methods. Section 5 presents the estimation results. Section 6 conducts the counterfactualanalysis. Section 7 concludes the paper.2ModelOur model combines elements from Berk and Green (2004) and Hortaçsu and Syverson(2004). Every period, investors conduct costly search to sample mutual funds to investin. Investors care about the fund’s expected performance and the expense ratio chargedby the fund (i.e. its price). Mutual fund performance is determined by managerial skillas well as the impact of decreasing returns to scale. Mutual funds choose their expenseratios and the marketing expenses. The marketing expenditure can increase the fund’sprobability of being sampled but decreases its profit margin.We proceed by first describing the investor’s problem and then describe the funds’behavior.2.1Fund performanceIn a time period t, the realized alpha r j,t for an active fund j {1, 2, ., N } is determinedby three factors: (i) the fund manager’s skill to generate expected returns in excess ofthose provided by a passive benchmark in that period, denoted by a j,t . (ii) the impact ofdecreasing returns to scale, given by D(Mt s j,t ; η) where Mt is the total size of the marketand s j,t is the market share of the fund j, and Mt s j,t denoting fund size, η is the decreasingreturns to scale parameter, and (iii) an idiosyncratic shock ε j,t N (0, δ2 ).r j,t a j,t D(Mt s j,t ; η) ε j,t,j 1, ., N,(1)There are papers discussing issues related to relative size between active funds and passivefunds, (e.g., Pástor and Stambaugh 2012). To be able to address this important extensivemargin, we include a single index fund j 0 into our model. The alpha of the index fundis assumed to be zero. Mt includes both active funds and the index fund. We treat Mt asan exogenous variable in the model. Our specification is very similar to Berk and Green7

(2004) with one exception: the manager’s skill is allowed to vary over time. We assumemanager’s skill follows an AR(1) process:pa j,t (1 ρ)µ ρa j,t 1 1 ρ2 · v j,t,(2)where v j,t N (0, κ 2 ). When a fund is born, its first period skill will be drawn fromthe stationary distribution N (µ, κ 2 ). ρ captures the persistence of the skill level. In thelimiting case, when ρ 1, skill is fixed over time, which is what Berk and Green (2004)assume.Following Berk and Green, we assume the manager’s skill is not observable to eitherthe investor or fund manager herself: it is treated as a hidden state. Let ea j,t be investor’sbelief about the manager’s skill in that period. Since (2) can be regarded as describinghow the hidden state a j,t evolves over time, and (1) says that r j,t D(Mt s j,t ; η) is a signal onthe hidden state, one can apply Kalman filter to obtain the following recursive formulas: ea j,t E a j,t r j,t 1, s j,t 1, r j,t 2, s j,t 2, .)(2eσj,t 1 r j,t 1 D(Mt 1 s j,t 1 ; η) ea j,t 1 (1 ρ)µ, ρ ea j,t 1 2eσj,t 1 δ2 2eσj,t V ar a j,t r j,t 1, s j,t 1, r j,t 2, s j,t 2, .!2eσj,t 12eσj,t 1 (1 ρ2 )κ 2 . ρ2 1 2eσj,t 1 δ2(3)(4)2 κ 2 for the period t when j was born. When ρ is close to 1, these formulasand er j,t µ, eσj,treduce to what Berk and Green (2004) derived in their proposition 1. The differencebetween our updating rule and theirs is that in Berk and Green, all the historical signalsreceive the same weight in determining the investor’s belief, whereas in our case, when ρis smaller than 1 the signals in the more recent periods receive larger weights.8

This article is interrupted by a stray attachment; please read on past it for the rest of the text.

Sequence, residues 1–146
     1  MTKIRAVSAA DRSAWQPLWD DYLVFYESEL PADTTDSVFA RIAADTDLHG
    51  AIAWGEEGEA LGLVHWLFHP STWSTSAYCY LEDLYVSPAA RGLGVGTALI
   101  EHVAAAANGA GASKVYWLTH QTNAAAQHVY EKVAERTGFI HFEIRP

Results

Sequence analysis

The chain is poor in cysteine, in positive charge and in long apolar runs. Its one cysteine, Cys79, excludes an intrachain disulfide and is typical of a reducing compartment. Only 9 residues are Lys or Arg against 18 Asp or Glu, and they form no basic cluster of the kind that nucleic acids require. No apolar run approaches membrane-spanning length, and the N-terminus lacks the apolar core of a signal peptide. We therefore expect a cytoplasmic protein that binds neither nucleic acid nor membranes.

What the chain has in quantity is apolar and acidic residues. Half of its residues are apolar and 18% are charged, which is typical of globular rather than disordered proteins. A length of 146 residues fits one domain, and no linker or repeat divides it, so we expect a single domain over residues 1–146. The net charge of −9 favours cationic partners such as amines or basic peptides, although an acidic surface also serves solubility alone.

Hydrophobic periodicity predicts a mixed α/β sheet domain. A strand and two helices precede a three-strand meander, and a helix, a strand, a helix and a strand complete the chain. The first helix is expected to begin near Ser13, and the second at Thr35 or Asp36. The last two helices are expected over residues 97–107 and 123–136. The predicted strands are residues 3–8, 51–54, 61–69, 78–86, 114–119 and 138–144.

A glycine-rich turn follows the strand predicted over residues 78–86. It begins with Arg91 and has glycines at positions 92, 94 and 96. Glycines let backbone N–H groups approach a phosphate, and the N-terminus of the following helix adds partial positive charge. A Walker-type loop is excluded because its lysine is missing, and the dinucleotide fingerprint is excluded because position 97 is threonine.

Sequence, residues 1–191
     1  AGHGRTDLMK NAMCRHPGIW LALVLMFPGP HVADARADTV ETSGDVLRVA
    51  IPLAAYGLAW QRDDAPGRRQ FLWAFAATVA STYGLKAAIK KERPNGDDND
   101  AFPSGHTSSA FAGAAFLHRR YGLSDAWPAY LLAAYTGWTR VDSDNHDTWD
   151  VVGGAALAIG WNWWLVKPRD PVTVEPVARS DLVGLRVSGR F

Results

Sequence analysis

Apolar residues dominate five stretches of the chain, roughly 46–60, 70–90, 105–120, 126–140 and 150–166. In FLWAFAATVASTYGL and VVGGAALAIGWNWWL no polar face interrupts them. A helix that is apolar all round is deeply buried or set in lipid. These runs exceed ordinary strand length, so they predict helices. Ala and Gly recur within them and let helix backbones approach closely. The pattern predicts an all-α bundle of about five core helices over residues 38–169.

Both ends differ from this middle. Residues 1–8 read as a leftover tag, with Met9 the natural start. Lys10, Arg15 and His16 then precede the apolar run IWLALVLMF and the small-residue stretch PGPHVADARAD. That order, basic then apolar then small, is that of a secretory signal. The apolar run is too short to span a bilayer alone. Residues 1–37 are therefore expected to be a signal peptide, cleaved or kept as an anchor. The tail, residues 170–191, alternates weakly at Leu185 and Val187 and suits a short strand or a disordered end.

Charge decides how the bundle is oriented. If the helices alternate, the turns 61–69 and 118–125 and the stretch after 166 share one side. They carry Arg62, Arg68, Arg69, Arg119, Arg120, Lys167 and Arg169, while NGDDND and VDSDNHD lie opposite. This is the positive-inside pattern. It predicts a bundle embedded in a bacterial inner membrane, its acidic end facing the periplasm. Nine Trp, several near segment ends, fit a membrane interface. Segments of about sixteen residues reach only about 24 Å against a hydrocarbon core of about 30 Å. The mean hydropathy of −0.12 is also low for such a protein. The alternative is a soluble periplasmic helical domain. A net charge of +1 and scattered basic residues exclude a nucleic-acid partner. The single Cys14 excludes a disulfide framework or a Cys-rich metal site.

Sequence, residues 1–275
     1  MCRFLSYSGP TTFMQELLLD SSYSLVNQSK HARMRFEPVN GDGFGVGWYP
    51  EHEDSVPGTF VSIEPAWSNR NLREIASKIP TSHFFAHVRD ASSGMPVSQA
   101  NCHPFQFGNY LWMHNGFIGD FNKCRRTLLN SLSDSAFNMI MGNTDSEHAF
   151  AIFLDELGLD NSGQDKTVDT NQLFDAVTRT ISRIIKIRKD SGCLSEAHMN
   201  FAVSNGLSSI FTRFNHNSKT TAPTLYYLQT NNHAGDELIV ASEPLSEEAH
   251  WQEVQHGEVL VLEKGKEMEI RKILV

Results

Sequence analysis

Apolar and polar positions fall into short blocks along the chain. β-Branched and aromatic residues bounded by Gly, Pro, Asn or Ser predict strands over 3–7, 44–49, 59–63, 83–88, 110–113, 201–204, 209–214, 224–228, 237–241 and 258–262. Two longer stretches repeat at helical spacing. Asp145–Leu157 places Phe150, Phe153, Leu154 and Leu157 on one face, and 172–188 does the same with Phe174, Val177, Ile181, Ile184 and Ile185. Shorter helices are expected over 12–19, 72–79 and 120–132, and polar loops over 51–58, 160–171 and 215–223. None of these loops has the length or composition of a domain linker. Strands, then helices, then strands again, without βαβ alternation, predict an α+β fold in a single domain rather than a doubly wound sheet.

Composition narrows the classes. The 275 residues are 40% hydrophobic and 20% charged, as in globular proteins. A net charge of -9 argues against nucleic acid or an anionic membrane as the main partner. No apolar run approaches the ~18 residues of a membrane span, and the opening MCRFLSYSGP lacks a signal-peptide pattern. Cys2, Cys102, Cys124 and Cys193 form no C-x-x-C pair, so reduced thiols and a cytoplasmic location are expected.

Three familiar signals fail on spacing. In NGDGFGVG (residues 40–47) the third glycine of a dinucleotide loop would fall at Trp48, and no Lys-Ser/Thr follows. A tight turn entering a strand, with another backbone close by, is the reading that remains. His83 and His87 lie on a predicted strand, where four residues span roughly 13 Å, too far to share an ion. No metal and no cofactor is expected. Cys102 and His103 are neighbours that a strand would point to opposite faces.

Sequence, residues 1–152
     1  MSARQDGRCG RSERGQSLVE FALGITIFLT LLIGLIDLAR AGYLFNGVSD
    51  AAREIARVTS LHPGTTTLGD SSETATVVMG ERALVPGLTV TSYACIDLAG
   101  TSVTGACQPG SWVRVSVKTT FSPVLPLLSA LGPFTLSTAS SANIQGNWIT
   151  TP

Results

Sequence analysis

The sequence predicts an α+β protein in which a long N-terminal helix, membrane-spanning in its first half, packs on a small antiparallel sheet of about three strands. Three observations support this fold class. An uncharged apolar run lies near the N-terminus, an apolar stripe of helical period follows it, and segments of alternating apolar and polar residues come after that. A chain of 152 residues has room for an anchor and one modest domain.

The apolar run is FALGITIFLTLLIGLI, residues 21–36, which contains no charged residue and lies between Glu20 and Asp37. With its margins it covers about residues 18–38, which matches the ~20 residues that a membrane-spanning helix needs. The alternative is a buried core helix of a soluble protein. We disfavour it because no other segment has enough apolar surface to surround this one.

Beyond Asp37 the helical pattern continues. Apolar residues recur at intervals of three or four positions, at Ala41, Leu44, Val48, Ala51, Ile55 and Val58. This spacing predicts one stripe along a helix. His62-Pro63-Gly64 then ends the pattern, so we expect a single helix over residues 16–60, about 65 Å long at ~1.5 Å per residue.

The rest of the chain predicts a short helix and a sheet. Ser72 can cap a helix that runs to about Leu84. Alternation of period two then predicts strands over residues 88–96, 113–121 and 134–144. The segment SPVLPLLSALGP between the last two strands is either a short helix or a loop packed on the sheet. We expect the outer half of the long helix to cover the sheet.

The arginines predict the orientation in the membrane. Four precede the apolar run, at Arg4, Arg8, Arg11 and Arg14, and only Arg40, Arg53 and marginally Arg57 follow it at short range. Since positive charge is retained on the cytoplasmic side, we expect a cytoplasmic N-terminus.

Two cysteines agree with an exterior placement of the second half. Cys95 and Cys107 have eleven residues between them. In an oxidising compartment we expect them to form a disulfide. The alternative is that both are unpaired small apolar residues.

2.2Investor searchIn each time period t, each investor allocates a unit of capital to a single mutual fund asa result of sequential search (conducted during the period). For notational simplicity, thesubscript t is suppressed in this subsection. Investor i pays search cost ci to sample onefund from a distribution of funds. Let Ψ(u) be the probability of sampling a f

equity mutual funds, which we assume to be representative of the industry as a whole. Our estimation results reveal sizable information frictions in the mutual fund market. The average investor implicitly incurs a cost of 39 basis points to sample an additional mutual fund. This friction’s